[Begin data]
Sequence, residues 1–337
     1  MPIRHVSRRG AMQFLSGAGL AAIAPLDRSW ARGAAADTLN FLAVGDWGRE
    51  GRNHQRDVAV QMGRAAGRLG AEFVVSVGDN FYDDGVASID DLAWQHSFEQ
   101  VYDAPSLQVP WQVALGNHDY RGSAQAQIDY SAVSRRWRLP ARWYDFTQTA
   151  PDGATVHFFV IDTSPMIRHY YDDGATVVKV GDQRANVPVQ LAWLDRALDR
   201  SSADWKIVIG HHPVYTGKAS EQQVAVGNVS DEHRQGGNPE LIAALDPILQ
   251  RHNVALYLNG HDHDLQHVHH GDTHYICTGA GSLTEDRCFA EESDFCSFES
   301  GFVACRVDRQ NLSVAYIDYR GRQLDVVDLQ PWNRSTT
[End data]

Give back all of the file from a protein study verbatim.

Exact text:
Sequence, residues 1–337
     1  MPIRHVSRRG AMQFLSGAGL AAIAPLDRSW ARGAAADTLN FLAVGDWGRE
    51  GRNHQRDVAV QMGRAAGRLG AEFVVSVGDN FYDDGVASID DLAWQHSFEQ
   101  VYDAPSLQVP WQVALGNHDY RGSAQAQIDY SAVSRRWRLP ARWYDFTQTA
   151  PDGATVHFFV IDTSPMIRHY YDDGATVVKV GDQRANVPVQ LAWLDRALDR
   201  SSADWKIVIG HHPVYTGKAS EQQVAVGNVS DEHRQGGNPE LIAALDPILQ
   251  RHNVALYLNG HDHDLQHVHH GDTHYICTGA GSLTEDRCFA EESDFCSFES
   301  GFVACRVDRQ NLSVAYIDYR GRQLDVVDLQ PWNRSTT